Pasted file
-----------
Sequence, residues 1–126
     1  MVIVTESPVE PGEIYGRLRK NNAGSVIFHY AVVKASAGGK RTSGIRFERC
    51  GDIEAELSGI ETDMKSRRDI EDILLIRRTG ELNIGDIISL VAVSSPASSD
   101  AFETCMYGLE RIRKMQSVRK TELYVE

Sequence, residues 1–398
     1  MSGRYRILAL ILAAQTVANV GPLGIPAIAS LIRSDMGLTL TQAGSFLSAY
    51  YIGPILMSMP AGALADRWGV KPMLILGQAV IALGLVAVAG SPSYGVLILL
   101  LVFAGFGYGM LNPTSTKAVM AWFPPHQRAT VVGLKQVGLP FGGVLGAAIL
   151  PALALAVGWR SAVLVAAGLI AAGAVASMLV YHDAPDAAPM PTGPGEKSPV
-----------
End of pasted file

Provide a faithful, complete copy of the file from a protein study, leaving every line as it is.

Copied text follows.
Sequence, residues 1–126
     1  MVIVTESPVE PGEIYGRLRK NNAGSVIFHY AVVKASAGGK RTSGIRFERC
    51  GDIEAELSGI ETDMKSRRDI EDILLIRRTG ELNIGDIISL VAVSSPASSD
   101  AFETCMYGLE RIRKMQSVRK TELYVE

Sequence, residues 1–398
     1  MSGRYRILAL ILAAQTVANV GPLGIPAIAS LIRSDMGLTL TQAGSFLSAY
    51  YIGPILMSMP AGALADRWGV KPMLILGQAV IALGLVAVAG SPSYGVLILL
   101  LVFAGFGYGM LNPTSTKAVM AWFPPHQRAT VVGLKQVGLP FGGVLGAAIL
   151  PALALAVGWR SAVLVAAGLI AAGAVASMLV YHDAPDAAPM PTGPGEKSPV